FIG. 2B shows three kinds of feedback 210, 213, and 218 which the method may give to the user of a touch screen. It is also possible to relate some subset of said feedback to the method. Each feedback may be, for example, a visual effect, a tone, or a haptic response. When a user touches the menu by a probe, the user is given the first feedback 210. Feedback 210 indicates to the user that a program controlling the touch screen has detected the user's touch. As in FIG. 2A, the touch time is measured from the point in time when the user touches with a probe the menu or a certain icon related to the menu, and the touch time ends when the user 1) moves the probe outside the menu area or 2) selects a menu option by releasing the probe over the said menu option. The touch time is compared 211 to the time limit T1. If the touch time is shorter than T1, a default function is performed 212. If the touch time reaches the time limit T1, the user is given feedback 213 indicating that the program controlling the touch screen will vary the content of the menu. After feedback 213 the content of menu is changed 214. If the user selects 215 a menu option, a function mapped to the said menu option is performed 216. Otherwise, the touch time is compared 217 to the time limit T2. If the touch time reaches the time limit T2, the user is given feedback 218 indicating that all menu options have been shown. If the time limit T2 is not reached, the content of the menu may be changed again 214. Though not shown in FIG. 2B, it is possible to give feedback 213 again to the user before varying the content of the menu.

FIG. 3A shows an example of an email icon 301. The operation of the method starts when a user touches the email icon 301 symbolizing a letter.

FIG. 3B shows another example of an email icon 302. In this case, the email icon 302 is a text “EMAIL”.

FIG. 3C shows an email menu 303 with the title “EMAIL” 304 and the default menu option “Inbox” 305. If a user touches the email menu 303 and releases the probe within the predetermined time limit T1, the default function 202 shown in FIG. 2A or the default function 212 shown in 2B is performed. In FIG. 3C the default function is showing the inbox to the user.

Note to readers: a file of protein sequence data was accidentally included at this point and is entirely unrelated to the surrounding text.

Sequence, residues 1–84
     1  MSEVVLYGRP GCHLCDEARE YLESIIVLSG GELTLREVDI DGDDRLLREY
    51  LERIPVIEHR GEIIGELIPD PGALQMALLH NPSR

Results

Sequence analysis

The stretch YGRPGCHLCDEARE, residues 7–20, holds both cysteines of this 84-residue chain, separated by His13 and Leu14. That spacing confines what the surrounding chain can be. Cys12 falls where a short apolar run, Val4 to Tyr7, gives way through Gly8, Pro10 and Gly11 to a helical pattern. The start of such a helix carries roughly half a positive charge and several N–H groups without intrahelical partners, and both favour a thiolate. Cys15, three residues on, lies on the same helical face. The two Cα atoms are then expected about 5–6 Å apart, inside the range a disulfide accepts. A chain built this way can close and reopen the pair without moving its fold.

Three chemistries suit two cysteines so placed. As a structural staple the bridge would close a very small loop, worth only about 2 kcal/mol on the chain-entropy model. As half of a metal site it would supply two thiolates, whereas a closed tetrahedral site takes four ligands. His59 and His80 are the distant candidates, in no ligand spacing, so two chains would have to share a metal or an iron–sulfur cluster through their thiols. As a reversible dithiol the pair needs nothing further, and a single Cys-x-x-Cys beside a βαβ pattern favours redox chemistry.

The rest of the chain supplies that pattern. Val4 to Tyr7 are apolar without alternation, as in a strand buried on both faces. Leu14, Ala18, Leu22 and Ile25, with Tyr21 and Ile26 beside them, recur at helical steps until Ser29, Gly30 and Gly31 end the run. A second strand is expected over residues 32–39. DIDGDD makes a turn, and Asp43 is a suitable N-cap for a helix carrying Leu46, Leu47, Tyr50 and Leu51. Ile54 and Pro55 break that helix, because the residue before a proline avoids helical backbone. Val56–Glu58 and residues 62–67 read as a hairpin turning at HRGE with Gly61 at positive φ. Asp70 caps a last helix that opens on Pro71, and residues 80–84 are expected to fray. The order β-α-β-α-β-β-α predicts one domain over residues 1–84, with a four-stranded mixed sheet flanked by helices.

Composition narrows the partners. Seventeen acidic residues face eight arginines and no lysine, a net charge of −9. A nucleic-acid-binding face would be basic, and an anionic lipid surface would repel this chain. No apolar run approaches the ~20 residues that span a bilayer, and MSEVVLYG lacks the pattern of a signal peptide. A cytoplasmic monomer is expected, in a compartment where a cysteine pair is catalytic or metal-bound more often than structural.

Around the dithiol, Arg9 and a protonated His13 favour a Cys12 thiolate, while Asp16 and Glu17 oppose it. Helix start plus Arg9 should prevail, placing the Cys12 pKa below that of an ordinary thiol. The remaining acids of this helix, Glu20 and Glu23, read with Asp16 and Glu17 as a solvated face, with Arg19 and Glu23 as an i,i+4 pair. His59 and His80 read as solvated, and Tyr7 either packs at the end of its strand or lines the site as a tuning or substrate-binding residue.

When comparing the icons 301 and 302 with the menu 303, we can perceive that their purposes are the same. If the icons 301 or 302 or the menu 303 is touched within the time limit T1, the default function is performed. Therefore, in the patent claims, the term “menu” here may as well refer to a possible icon related to a menu.

The following example describes how the content of a menu can be changed by increasing the number of menu options and thus enlarging the menu size.

FIG. 4A shows an email menu 401 in its default size. The email menu contains the menu options “Inbox”, “Compose”, and “Addresses”.

FIG. 4B shows the same email menu 401 enlarged from its default size. The enlarged menu contains three new menu options: “Sign Out”, “Options”, and “Help”.

The following example describes how the content of a menu can be varied by changing one menu option to another menu option. Of course, it is also possible to vary the content of a menu by changing several menu options to other menu options.

FIG. 5A shows a fixed-size email menu 501. The email menu 501 contains the menu options “Inbox” 502 and “Compose” 503.

FIG. 5B shows the same email menu 501 with a new menu option. Now the menu option “Inbox” 502 is omitted from the menu 501, and the menu option “Compose” 503 is moved to the first position of the menu. The new menu option “Addresses” 504 is located in the second position of the menu. If a user does not select either of the menu options “Compose” or “Addresses” the content of the menu is then again scrolled as follows: the menu option “Compose” 503 is omitted from the menu, the menu option “Addresses” 504 is moved to the first position of the menu 501, and a new menu option “Sign Out” is located in the second position of the menu.

In the above examples menu options are texts, but they can be any visual item. Menu options may appear on the screen in groups. The menu options can be grouped in the menu vertically, as in FIG. 4A and 4B, or horizontally, or in some other way.

The content of a menu can be varied in accordance with the touch time. The time limits T1 and T2 may be fixed, or they may be adjustable so that a user can set the time limits T1 and T2. Alternatively, the content of a menu can be changed taking into account whether the user merely touches the surface of a touch screen with a probe or presses down hard. Thus, when the user presses hard the surface, the content of the menu will be changed more rapidly.